Combating online disinformation will cost Canadian taxpayers 31 million dollars

Sweeping censorship initiatives are being funded by Canadian taxpayers at the hands of the federal government said to be upholding democracy and free speech.

Combating online disinformation will cost Canadian taxpayers 31 million dollars
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Canadian Heritage recently announced the funding of a new project intended to strengthen Canadians’ resiliency to what they describe as “harmful online disinformation.”

1.2 million dollars will be poured into 16 research projects to “help to counter and educate about online harms, misinformation and disinformation,” as per the release.

It’s part of funding being provided by the Digital Citizen Contribution Program (DCCP) which is part of the Canadian Heritages’ Digital Citizen Initiative (DCI).

The DCI apparently supports “democracy and social cohesion in Canada by enhancing and/or supporting efforts to counter online disinformation and other online harms and threats.”

The DCI will receive a total investment of $31 million over four years.

Using Orwellian double-speak, Minister of Canadian Heritage Pablo Rodriguez said:

“The rise of harmful content online, including misinformation and disinformation, is one of the most pressing issues of our time. This is why programs like the Digital Citizen Contribution Program are essential in helping fund important research to address this problem. In order to make informed decisions in our democracy, Canadians need to have access to the tools to identify disinformation and be able to express themselves freely without the fear of violence. These projects work toward achieving this goal and we will continue our work to make the Internet a safer and more inclusive space for everyone.”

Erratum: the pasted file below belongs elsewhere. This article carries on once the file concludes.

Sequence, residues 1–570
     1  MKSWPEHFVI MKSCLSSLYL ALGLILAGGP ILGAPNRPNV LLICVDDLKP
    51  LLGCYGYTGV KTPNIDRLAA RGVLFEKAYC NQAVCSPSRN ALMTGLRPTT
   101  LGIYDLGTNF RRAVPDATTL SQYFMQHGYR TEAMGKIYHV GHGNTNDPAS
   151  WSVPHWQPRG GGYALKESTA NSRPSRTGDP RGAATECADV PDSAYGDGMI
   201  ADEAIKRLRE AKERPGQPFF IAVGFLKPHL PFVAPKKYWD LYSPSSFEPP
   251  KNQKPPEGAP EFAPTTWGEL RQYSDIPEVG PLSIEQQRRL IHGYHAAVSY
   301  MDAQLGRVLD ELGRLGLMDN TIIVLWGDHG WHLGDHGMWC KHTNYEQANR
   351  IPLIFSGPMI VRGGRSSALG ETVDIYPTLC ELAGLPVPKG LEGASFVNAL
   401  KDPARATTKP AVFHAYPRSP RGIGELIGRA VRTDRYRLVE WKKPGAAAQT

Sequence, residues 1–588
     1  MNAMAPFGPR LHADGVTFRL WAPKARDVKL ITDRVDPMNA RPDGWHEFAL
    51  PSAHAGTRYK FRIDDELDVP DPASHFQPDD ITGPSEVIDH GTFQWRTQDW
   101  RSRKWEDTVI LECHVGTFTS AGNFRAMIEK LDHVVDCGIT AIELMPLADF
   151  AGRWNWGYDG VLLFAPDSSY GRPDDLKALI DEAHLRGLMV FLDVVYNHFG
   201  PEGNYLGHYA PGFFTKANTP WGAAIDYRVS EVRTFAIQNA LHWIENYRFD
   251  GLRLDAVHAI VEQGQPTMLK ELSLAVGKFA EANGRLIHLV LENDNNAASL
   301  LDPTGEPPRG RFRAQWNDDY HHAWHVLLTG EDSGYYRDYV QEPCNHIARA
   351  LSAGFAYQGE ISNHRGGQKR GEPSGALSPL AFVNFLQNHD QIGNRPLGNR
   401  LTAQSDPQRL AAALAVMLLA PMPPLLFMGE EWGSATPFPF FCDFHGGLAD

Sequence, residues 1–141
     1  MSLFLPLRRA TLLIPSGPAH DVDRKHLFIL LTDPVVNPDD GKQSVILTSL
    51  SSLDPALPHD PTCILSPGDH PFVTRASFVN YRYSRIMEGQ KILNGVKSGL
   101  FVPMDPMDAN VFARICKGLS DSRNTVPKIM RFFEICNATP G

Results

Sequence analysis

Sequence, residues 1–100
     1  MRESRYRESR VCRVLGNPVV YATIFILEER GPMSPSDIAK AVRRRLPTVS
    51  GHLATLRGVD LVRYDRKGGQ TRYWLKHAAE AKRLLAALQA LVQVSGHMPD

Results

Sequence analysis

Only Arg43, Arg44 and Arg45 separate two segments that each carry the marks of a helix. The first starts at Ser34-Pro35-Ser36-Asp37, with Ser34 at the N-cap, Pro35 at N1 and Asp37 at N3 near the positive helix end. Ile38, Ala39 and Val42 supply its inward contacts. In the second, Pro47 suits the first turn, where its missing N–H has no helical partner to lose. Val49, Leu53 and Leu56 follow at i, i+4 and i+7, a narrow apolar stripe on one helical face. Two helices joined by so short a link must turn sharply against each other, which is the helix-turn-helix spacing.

Upholding free speech means simultaneously censoring it in Justin Trudeau’s Canada.

The government put together a group of 12 experts to advise Heritage minister Rodriguez on how to address what they deem as harmful online content, as part of the government's commitment to addressing online safety.

This comes as the federal government works to develop and implement legislative and regulatory frameworks that seek to control and censor content that Canadians can access through the internet, such as Bill C-11, also known as the “Online Streaming Act.”

If you agree that this level of censorship must be stopped, please sign the petition and then send an email to the Senate urging them to squash Trudeau’s censorship bill.

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